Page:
There are times when we are completely taken aback by our complete ignorance (that of those writing here) of fundamental aspects of our culture and history. Part of this ignorance is likely due to our inability to research and study our culture as much as we’d like in order to get to know everything. But it’s mostly due to, and this is what we truly believe, the fact that those responsible for sharing this knowledge do not do so. It’s not that we don’t know a good part of the arguments covered in this text; it’s just that when the Basques look into them, they call them the rants of nationalists making up their own history, rather than recognizing them as the most widely accepted theories for describing prehistoric Europe. Meanwhile, Spanish schools are still teaching the story of Viriathus, the Lusitanian caudillo who fought the Romans for the independence of Spain.
We’re bringing all this up after having read an amazing website, Europa Indígena, this weekend. It covers the origins of Europe, of the Old Europe. It dedicates a whole chapter to the traditional Basque culture, as the clearest and most evident nexus that is maintained with that early pacifist, cooperative, and egalitarian culture whose leading figure is the Mother Goddess, the goddess Mari of the Basques.
Thanks to this website, we’ve discovered (we admit) the work of archaeologist Marija Gimbutas and her huge contributions to knowing what Europe was like before the Indo-European invasion. But more than anything, we got to find out her thoughts on the Basque People:
The Basque language is a pre-Indo-European relic of the ancient western European
languages. It is the only indigenous language to survive the Indo-European invasions and cultural influences of the last three thousand years. The Basque people themselves have retained a remarkable ability to integrate new influences without losing their cultural identity. Indeed, they remain the great exception to all the laws of European political and cultural history. There is no doubt that the Basques are living Old Europeans whose traditions descend directly from Neolithic times. Many aspects of Old European culture-goddess religion, the lunar calendar, matrilineal inheritance laws, and agricultural work performed by women-continued in Basque country until the early twentieth century. … The system of laws governing succession in the French Basque region reflected total equality between the sexes.
Marija Gimbutas, “The Living Goddesses”.
The whole website is extremely interesting, but the third chapter in the second part is especially so, as it discusses the Basques directly.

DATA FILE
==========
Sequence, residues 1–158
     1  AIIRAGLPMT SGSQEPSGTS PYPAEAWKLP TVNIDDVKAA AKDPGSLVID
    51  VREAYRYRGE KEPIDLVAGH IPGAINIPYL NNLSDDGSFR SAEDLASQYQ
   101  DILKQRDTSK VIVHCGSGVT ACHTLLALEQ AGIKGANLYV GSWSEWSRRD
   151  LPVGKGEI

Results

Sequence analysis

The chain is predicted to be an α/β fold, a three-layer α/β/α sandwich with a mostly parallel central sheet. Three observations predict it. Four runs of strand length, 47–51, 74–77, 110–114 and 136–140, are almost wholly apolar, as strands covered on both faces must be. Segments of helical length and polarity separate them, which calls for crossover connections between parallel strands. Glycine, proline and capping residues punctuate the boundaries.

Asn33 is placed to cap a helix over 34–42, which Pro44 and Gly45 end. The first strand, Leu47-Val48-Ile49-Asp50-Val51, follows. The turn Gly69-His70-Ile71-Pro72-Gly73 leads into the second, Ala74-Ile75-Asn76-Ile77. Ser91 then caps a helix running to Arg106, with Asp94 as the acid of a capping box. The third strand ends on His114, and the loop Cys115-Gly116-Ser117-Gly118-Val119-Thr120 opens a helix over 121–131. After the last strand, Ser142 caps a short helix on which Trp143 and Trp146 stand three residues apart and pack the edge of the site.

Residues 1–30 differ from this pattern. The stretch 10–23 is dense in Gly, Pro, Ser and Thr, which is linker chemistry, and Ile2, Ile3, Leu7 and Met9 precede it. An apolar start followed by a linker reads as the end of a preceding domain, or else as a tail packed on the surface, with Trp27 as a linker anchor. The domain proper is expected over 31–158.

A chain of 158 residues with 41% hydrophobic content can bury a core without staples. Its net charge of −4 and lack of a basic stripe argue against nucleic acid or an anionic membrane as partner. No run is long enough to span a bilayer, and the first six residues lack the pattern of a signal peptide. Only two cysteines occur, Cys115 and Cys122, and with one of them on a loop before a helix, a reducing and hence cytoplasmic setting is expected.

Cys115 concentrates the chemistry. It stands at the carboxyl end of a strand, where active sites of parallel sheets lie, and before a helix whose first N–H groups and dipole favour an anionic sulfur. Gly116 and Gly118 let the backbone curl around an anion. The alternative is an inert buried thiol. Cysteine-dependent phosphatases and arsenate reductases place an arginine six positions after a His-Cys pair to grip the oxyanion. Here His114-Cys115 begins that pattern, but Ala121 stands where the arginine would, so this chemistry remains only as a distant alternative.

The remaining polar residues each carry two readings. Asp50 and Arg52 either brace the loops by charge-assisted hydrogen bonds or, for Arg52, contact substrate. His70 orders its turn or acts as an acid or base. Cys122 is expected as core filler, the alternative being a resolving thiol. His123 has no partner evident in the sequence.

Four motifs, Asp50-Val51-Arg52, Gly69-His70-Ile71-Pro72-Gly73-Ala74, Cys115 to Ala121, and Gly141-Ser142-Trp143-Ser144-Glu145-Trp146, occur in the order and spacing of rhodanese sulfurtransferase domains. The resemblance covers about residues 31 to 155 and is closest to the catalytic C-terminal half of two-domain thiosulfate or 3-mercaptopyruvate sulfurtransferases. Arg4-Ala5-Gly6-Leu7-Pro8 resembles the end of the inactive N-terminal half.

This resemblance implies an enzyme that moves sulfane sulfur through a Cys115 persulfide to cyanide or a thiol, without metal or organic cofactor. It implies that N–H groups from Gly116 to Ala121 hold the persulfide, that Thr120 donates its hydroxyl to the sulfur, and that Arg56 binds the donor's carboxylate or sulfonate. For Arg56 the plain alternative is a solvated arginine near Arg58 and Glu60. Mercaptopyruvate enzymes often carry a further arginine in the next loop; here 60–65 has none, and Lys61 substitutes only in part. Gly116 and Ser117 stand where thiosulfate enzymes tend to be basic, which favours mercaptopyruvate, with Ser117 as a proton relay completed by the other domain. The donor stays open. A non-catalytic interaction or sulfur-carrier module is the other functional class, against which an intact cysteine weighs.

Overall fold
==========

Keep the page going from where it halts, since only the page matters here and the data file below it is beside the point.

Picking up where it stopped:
LA CULTURA TRADICIONAL VASCA (Un nexo con la Vieja Europa)
14.- La Diosa Mari
15.- El Matriarcalismo vasco
16.- El euskera (la lengua indígena de Europa)
17.- Etimología del euskera (los sonidos de la naturaleza)
TRADITIONAL BASQUE CULTURE (a nexus with Old Europe)
14.- The Goddess Mari
15.- Basque Matriarchy
16.- The Basque Language (The Indigenous Language of Europe)
17.- Basque Etymology (the Sounds of Nature)
All this, we believe, is directly linked with all the information about the Basque origin of European colonization that we’ve blogged about before.
This work, penned by Guillermo Piquero, dedicates two chapters to the Basque language, which he defines as the “indigenous language of Europe“, a title in Spanish which it had already been given in Scientific American, which published an article by Elisabeth Hamel, Teho Vennemann, Peter Foster titled “La lengua originaria de los europeos prehistóricos (The Original Language of Prehistoric Europeans)” in January 2003, giving that role to the Basque language. We blogged about the article here, and you can read the whole article itself here.
To finish, we couldn’t help copying a quote Menendez Pidal gives to the Basque regarding their language. It’s one that works well at silencing those who wonder, in their ignorance and ethnocentrism, which the language should be supported and preserved.
Tenéis la fortuna de que vuestro pueblo sea depositario de la reliquia más venerable de la antigüedad hispana. Otras tendrán más valor artístico, serán más admiradas y codiciadas universalmente, pero no hay otra que tenga la importancia de esta lengua.
You all are fortunate that your people hold the most venerable relic of Hispanic antiquity. Others may have greater artistic value, or be more universally admired and coveted, but there is no other which has the importance of this language.
We’ll leave you with the extra reports we found on this thrilling topic: several links to Wikipedia, and a report on the work of this amazing scientist which helps us understand her extremely important work.
You can also find a list of this researcher’s works here.
La cultura tradicional vasca
“El euskera es una reliquia de las antiguas lenguas de Europa occidental, no sólo prerrománica, sino pre-indoeuropea. Es la única lengua autóctona que ha podido superar las invasiones e influjos culturales de los últimos 3000 años. Los vascos han demostrado una gran capacidad para integrar esos influjos sin perder su personalidad cultural. Constituyen, de hecho, la gran excepción de las leyes de la historia política y cultural de Europa. No hay duda alguna de que sus tradiciones descienden directamente de los tiempos neolíticos. Muchos aspectos culturales de la Vieja Europa (la religión de la Diosa, la utilización del calendario lunar, el parentesco matrilineal y la responsabilidad de la mujer en la agricultura perduraron hasta principios del siglo XX (…) En el sistema legal autóctono no se le daba preferencia al hombre sobre la mujer”. Marija Gimbutas, “The living Goddesses”.
Biografía de Marija Gimbutas (Wikipedia)
Kurgan hypothesis (Wikipedia)